Mark HARRINGTON, Appellant v. DAWSON–CONWAY RANCH, LTD., Appellee.

No. 11–10–00124–CV.

-- May 31, 2012

Panel consists of: WRIGHT, C.J., McCALL, J., and KALENAK, J.

Jeffrey S. Lisson, for Mark Harrington.A. Scott Campbell, for Dawson–Conway Ranch, Ltd.


The issue in this case is whether the owners of the Dawson–Conway Ranch, Ltd. have an easement, either by implication or by prescription, to use a road on the Harrington Ranch that borders the Dawson–Conway on the west. A short portion of the road is south of the Dawson–Conway and crosses the Harrington Ranch from County Road 201 to an access point at the southwest corner of the Dawson–Conway. We shall refer to this portion as the first access road. From the first access point, the road runs northward across the Harrington Ranch to a second access point on the Dawson–Conway. At the second access point, that part of the Dawson–Conway is the north border of the Harrington Ranch. This longer portion of the road across the Harrington Ranch shall be referred to as the second access road.

The two ranches were originally part of the Monroe Ranch. In 1901, the Monroe Ranch first conveyed part of its ranch to Dawson–Conway's predecessors in interest and then conveyed another part of its ranch (to the immediate west of Dawson–Conway's property) to Mark Harrington's predecessors in interest. The only evidence concerning the establishment of the road was that the road was in existence sometime in the 1940s. To reach the second access point, the road crosses sections 199, 198, and 197 of Harrington's property.

In December 2007, Harrington closed the road between the first access point and the second access point, but he continued to allow access to the Dawson–Conway Ranch at the first access point. He claimed the closing was because of the trash left on his ranch by people going to the Dawson–Conway and not respecting his property. Dawson–Conway filed suit against Harrington in June 2010, claiming an implied easement by necessity at the time of severance. Dawson–Conway also pled an easement by prescription, citing the ten-year adverse possession statute. Tex. Civ. Prac. & Rem.Code Ann. § 16.026 (West 2002). As an alternative pleading, Dawson–Conway claimed a prescriptive easement to the entrance at the first access point.

Both parties filed motions for summary judgment. There was no evidence that the road, or even an easement, existed over Harrington's ranch at the time of severance. Dawson–Conway based its motion on the claim for a prescriptive easement. Harrington filed a standard motion for summary judgment and a no-evidence motion for summary judgment against both easement claims of Dawson–Conway. The trial court granted Dawson–Conway's motion and denied Harrington's motions. We reverse and render judgment that Harrington's motions should have been granted and that Dawson–Conway's motion should have been denied. Dawson–Conway did not establish a right to an easement over the Harrington Ranch.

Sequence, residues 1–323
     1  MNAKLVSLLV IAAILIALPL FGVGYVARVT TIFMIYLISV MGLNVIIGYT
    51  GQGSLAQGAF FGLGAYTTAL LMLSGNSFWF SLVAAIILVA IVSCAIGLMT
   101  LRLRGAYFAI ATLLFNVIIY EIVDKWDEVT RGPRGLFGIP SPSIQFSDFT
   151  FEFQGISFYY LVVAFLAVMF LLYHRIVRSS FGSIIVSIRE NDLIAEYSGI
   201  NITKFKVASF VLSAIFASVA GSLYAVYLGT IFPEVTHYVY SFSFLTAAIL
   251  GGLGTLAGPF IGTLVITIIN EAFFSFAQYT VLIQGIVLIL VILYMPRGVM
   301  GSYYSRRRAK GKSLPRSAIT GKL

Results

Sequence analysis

Harrington's Issues on Appeal

In Harrington's first issue, he argues that the trial court erred in admitting as evidence the affidavit of A.V. Jones Jr. who stated that “[i]t has always been [his] understanding that this access route as it crosses sections 199, 198, and 197 [of Harrington's property] was permitted by the owners of Dawson–Conway.” In Harrington's second issue, he contends that the trial court erred in denying his motions for summary judgment. In the alternative, Harrington contends in his third issue that the trial court erred in granting Dawson–Conway's motion for summary judgment because there was a genuine issue of material fact as to at least one element of each of Dawson–Conway's claims. In his fourth and final issue, Harrington contends that the trial court's judgment was overbroad. We need only reach the first two issues.

Background Facts

Dawson–Conway consists of approximately forty-two sections of land (over 26,000 acres) in Shackelford County. One access to the ranch is County Road 167. County Road 167 ends at the Dawson–Conway at its northwest quadrant. To reach the rest of the ranch, however, one must cross the Clear Fork of the Brazos River. Thomas S. Dill, representative for the Dawson–Conway, stated in his affidavit that the river crossing is frequently impassable and not dependable. But, in his deposition, Dill acknowledged that he has crossed the river in a four-wheel drive pickup, stating that the water is generally one or two feet deep. Once across the river, he has access to the entire Dawson–Conway. The Clear Fork of the Brazos River also splits the Harrington Ranch, and Harrington testified that he crosses the river without a bridge.

In Dill's affidavit, he described the southwest quadrant of the Dawson–Conway as being extremely rough. Yet it is obvious from the map that oil and gas lessees accessed much of the ranch, including the southern part, to drill wells. Sections 193 and 194, near the Limited Access Point, have the name of Jones who conducted drilling operations on both ranches. In addition, Harrington testified that there were roads in the southwest quadrant of the Dawson–Conway that could be used by vehicles; he saw the roads when he rode horseback helping Bud Wilfong work cattle. Harrington and Wilfong at one time went near the center of the Dawson–Conway, loaded the cattle, and then exited using the first access point. Harrington expressed his opinion that it would not be difficult to build better roads on the Dawson–Conway if the owners or lessees did not like the roads that were there.